So it’s about time (PDF!) that someone tried to do something about the increasing safety problems in Fruitvale:
Oakland City Council President and District 5 Council Member Ignacio De La Fuente introduced the Fruitvale Safety Project – a three-month focused effort to reduce rising crime and violence in the vibrant Fruitvale Neighborhood through improved coordination and targeting of resources. “We all have to pick priorities and my priority is increasing public safety in the Fruitvale,” said President De La Fuente.
Good for him. Watching the heartfelt testimony of the many Fruitvale residents who spoke at Tuesday’s Council meeting on the City’s response to the memorial petition submitted by the family of slain teenager Tomas Melero-Smith totally made me cry. It also made me think that as much as I love Oakland and care about environmentally responsible land use and public transit, if I had teenagers I would pack my things and buy a SUV and move my family to like, Walnut Creek or something in a heartbeat. When I shared this sentiment with some friends, they all responded with variations on the idea I was being ridiculous, and that given my education and career, I wouldn’t be in the position of these people in the first place, and could protect my spawn with good parenting. Maybe so, maybe not. But you shouldn’t have to live in constant terror of what might to happen to your child just because you’re poor and don’t speak English. And while I’m totally willing to admit that I have a tendency to overreact to this sort of thing and get kind of melodramatic (see above), the fact remains that the current situation is beyond unacceptable.
So clearly something needs to be done. And this part sounds good:
An action team including President De La Fuente and his staff, the police department, merchants, and non-profits will meet bi-weekly in the target area to problem-solve and track results, with an emphasis on gang and prostitution activity. “It’s one thing to sit in City Hall and allocate resources and making policy. It’s another thing to be on the ground using those resources to attack known problems,” said Council President De La Fuente.
And I really like this part:
The District 5 office is also scheduling educational events including gang prevention parenting classes and self-defense training.
But then I keep reading the press release and see this part:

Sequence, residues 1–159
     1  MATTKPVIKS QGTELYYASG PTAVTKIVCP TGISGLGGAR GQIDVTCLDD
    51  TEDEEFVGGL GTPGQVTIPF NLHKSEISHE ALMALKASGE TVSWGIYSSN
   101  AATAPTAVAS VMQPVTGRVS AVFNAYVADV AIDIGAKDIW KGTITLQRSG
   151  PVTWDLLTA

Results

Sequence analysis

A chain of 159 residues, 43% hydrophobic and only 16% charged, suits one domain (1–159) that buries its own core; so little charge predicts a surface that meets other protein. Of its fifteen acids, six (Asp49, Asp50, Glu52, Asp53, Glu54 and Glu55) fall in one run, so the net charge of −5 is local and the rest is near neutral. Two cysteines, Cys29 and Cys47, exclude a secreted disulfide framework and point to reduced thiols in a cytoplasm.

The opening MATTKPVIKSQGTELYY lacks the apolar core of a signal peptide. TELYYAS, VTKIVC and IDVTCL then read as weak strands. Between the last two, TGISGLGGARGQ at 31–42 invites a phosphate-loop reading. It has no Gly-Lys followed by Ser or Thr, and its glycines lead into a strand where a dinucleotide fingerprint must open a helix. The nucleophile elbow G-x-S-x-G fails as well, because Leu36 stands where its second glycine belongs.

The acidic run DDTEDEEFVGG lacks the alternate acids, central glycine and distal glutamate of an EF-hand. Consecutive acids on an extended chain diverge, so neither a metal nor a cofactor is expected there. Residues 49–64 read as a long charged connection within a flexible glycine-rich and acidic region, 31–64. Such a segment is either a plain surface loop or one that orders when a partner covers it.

The Fruitvale Safety Project will take advantage of Measure Y violence prevention resources now available as well as $575,000 the City Council authorized this week for additional street outreach workers. These new workers are to be hired to work in the Latino community in the Fruitvale, East Oakland and West Oakland.
and I just want to throw my hands up in the air and scream. I mean…what? What’s that about the street outreach workers? If you just read this, you might think, as Dierde Strickland-Meade did, that the City was actually planning on hiring street outreach workers itself and having Lenore Anderson run the program. No. We’re issuing a vague RFP, and I certainly didn’t hear anything about Fruitvale during any of the discussions of the proposal that I watched. (For the record, I didn’t catch the discussion of this on Tuesday, so they must have added it then? When they got to the abortion thing and their 200 speakers, I decided to check out and go play some illegal pinball.) Lenore Anderson just kept talking about only targeting the two highest crime beats, 6x and 36x, neither of which are in Fruitvale. And as desperately as Fruitvale needs attention, we keep being told that this RFP is so necessary right now because it will provide tightly focused outreach, and if that’s the case, then doesn’t spreading it out even more sort of diminish that benefit? And if this is a three-month project, as the press release says at the very beginning, and we’ve heard repeated testimony that the first of these new outreach workers might hit the streets as early as April, how does that work? And all the Measure Y violence prevention money for this year is already spoken for. Those allocations were made last June, so what does that line even mean? We just spent our entire reserve on the street outreach thing! Are we changing the programs we funded? Are you even allowed to do that? Has anyone thought this through? Ugh!
Update: The Trib has a story about this today, but if you’re expecting it to answer any questions, don’t even bother reading it. It’s even worse than the press release, somehow implying that the Council approved an expenditure of $575,000 on Tuesday specifically to fund this initiative. In fact, the author didn’t even manage to correctly copy information from the press release. Somehow, the line “In only two police beats (20X and 23X) there have been 18 homicides and 512 robberies reported since the beginning of 2006.” turned into “There have been 18 homicides and 512 robberies reported this year.”